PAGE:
10 little details you never noticed in the first episode of Adam-12
You never realized this series debut contained a mayor, a Florida legend, and a beloved sitcom character.
Right off the bat, the hero quits. Officer Malloy has seen enough. He can't bear to lose another young partner. He tells his superiors he's turning in his badge at the end of his shift.
That's a heck of a way to begin a police drama. Of course, Malloy (Martin Milner) decides to stick around. For 173 more episodes. That's thanks to his new partner, Jim Reed (Kent McCord), a brave if naive newbie who needs someone to show him the ropes.
Thus begins Adam-12, perhaps the most pioneering police procedural in television history. "Log 1: The Impossible Mission" premiered in the fall of 1968, showing the more realistic, routine service of LAPD patrolmen. "The incidents you have seen are true," the show declared in all-caps at the end of the episode. Even the salamander story? We believe it.
Let's take a closer look at the scenes. We found some surprising details.
1. "John Randolph" is really Jack Webb.
Adam-12 mastermind Jack Webb, the creator and star of Dragnet, had his hands all over this pilot. He directed it. He also wrote it. Yep, "John Randolph" is a fake name. Even the good guys use aliases from time to time.
2. The "Salamander Lady" was Millie on 'Dick Van Dyke' and Yetta on 'The Nanny'.
The first stop in Reed and Malloy's history as partners is a quirky situation. A salamander has seemingly escaped a shoebox in a woman's car. She squirms and shrieks, convinced the amphibian is still crawling over her body. It's not. The little guy is still in his shoebox. Anyway, Ann Morgan Guilbert plays the character. Boomers know her best as Millie Helper from The Dick Van Dyke Show. Millennials love her as Fran's hip grandma Yetta Rosenberg on The Nanny.
3. The crook riding shotgun in the car chase was a Florida Gators sports legend.
After getting called to a liquor store for possible robbers, Malloy and Reed then speed after a beautiful old Buick. It's a dazzling car chase, perhaps the most exciting ever seen at that time on television, splashing through the Los Angeles River, location of future chases in Grease and Terminator 2. The Buick slams into a water channel. Reed cuffs the passenger. This uncredited extra is Dale Van Sickel, the first Florida Gator to ever be inducted into the College Football Hall of Fame. He also coached basketball at the University of Florida! His first stunt work in Hollywood was for the Marx Brothers' Duck Soup!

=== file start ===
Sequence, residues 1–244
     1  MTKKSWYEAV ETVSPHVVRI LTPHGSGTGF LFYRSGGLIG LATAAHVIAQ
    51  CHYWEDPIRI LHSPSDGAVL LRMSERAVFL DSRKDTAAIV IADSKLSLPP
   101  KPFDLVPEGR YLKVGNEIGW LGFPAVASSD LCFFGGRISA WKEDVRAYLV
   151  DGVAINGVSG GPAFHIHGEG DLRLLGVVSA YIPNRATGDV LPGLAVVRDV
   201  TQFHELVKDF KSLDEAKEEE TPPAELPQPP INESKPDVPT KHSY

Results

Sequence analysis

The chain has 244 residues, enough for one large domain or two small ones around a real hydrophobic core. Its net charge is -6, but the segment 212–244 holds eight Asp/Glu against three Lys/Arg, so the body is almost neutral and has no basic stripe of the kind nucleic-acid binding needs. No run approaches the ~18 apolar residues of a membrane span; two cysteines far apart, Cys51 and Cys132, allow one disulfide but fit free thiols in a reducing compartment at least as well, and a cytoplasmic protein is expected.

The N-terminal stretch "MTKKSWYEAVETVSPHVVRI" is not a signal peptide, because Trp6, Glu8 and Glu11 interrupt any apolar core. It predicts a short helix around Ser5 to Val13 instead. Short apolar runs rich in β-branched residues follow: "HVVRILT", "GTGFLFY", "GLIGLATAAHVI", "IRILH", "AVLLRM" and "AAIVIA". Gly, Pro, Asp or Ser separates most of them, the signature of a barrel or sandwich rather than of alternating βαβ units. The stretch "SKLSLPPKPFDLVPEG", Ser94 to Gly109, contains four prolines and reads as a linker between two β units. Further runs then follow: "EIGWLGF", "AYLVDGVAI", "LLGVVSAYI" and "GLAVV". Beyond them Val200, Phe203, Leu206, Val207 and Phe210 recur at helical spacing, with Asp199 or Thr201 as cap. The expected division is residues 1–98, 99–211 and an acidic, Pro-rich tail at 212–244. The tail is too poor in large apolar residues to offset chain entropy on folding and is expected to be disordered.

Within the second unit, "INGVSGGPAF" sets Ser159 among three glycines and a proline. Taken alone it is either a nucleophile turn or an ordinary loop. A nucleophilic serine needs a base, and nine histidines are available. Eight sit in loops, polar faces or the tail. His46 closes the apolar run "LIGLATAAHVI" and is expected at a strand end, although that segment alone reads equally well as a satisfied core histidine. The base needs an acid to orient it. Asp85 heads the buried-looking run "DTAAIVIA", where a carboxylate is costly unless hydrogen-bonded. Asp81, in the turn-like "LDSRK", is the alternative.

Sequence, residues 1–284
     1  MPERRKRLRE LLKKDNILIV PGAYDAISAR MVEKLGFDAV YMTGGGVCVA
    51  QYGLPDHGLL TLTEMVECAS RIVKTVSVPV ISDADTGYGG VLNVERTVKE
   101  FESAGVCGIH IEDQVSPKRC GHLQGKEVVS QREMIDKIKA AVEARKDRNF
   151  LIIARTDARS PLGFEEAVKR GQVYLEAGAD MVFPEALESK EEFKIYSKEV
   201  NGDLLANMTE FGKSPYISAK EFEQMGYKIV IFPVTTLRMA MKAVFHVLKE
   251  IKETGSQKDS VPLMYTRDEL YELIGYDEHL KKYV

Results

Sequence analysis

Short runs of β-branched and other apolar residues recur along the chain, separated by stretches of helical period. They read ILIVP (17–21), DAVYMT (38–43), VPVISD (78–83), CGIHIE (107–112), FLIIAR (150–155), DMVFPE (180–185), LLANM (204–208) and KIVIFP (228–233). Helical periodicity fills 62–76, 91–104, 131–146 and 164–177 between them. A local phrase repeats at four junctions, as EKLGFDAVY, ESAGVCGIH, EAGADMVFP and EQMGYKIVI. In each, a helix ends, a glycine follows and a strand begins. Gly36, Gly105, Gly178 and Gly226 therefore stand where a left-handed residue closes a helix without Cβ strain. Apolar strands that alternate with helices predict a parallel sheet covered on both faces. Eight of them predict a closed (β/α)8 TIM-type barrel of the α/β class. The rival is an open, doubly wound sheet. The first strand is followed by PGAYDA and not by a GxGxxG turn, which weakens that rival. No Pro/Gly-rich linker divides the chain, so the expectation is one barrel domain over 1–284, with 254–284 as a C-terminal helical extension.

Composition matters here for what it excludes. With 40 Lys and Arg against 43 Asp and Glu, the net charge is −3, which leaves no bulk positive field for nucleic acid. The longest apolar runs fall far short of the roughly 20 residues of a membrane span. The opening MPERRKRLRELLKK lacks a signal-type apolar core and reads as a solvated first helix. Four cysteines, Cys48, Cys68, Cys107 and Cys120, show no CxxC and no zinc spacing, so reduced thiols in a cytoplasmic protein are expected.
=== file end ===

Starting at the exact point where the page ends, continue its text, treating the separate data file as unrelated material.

4. Van Sickel died a few years later from injuries sustained in a car stunt.
Aside from his many screen appearances (he was even a Penguin henchman on Batman), Van Sickel worked for decades as a stunt performer. He died in 1977 at the age of 69. His obituary explained that his death was due to injuries sustained on set. "Van Sickel had been seriously ill since July 1975 when he was injured while filming an attempted stunt," the Associated Press wrote. "The car he was driving… skidded into an abutment. Doctors said Van Sickel suffered brain damage." The film must have been the Don Knotts movie No Deposit, No Return, Van Sickel's final credit, which filmed in July of '75.
5. There was no windshield in the Buick during the crash.
Take a close look at the Buick as it skids into the channel. There is no windshield. The glass was likely removed to protect the drivers and reduce glare.
6. It was a big week for Ena Hartman.
Later that night, Malloy and Reed head to the home of a couple with a baby in peril. Malloy saves the child, as you can see from the smiles in the image up top. Ena Hartman played the mother. That same week, she could be seen on the cover of Jet magazine. "Film City's First Black Mayor," the cover line declared. Hartman was the first black woman to be named "Mayor of Universal City," a title bestowed on actors at the studio. She was contracted to Universal at the time.
7. This was the only time Malloy and Reed drove this model car.
Just like real LAPD cops at the time, Reed and Malloy drive (well, just Malloy gets to drive, of course) a Plymouth Belvedere. This particular cruiser in "Log 1," however, is the 1967 Belvedere, as the pilot was filmed months earlier in 1967. For the rest of season one, the cruiser is a 1968 Plymouth Belvedere 383 V8, the newer model.
8. They had a different radio in this one episode, too.
The gear in the cruiser is much different, too. Just look at how much more elaborate the car's radio was in "Log 1." The next episode ("Log 141: The Color TV Bandit") features a slimmed-down radio, marked FREQ 1.
9. The production covered up the Motorola name with tape.
One more little radio detail. If you look closely, you will see that a strip of duct tape has been applied to cover the "Motorola" brand name. However, the company's logo is still clearly visible to the left.
10. Consultant Thomas Reddin was a progressive police pioneer… and newscaster.
The show credits LAPD Chief Thomas Reddin for his technical advice. Jack Webb frequently relied on his expertise. In fact, Reddin even appeared onscreen in the Dragnet 1967 season two finale, "The Big Problem," seen here. Reddin began his term as chief in 1967. He is credited with modernizing the LAPD, pioneering progressive policies such as community policing. He also modernized the communications systems of the LAPD. Reddin resigned in 1969. He became a newscaster for KTLA, earning a salary four times his police paycheck. Perhaps that Dragnet scameo gave him a love of being on camera.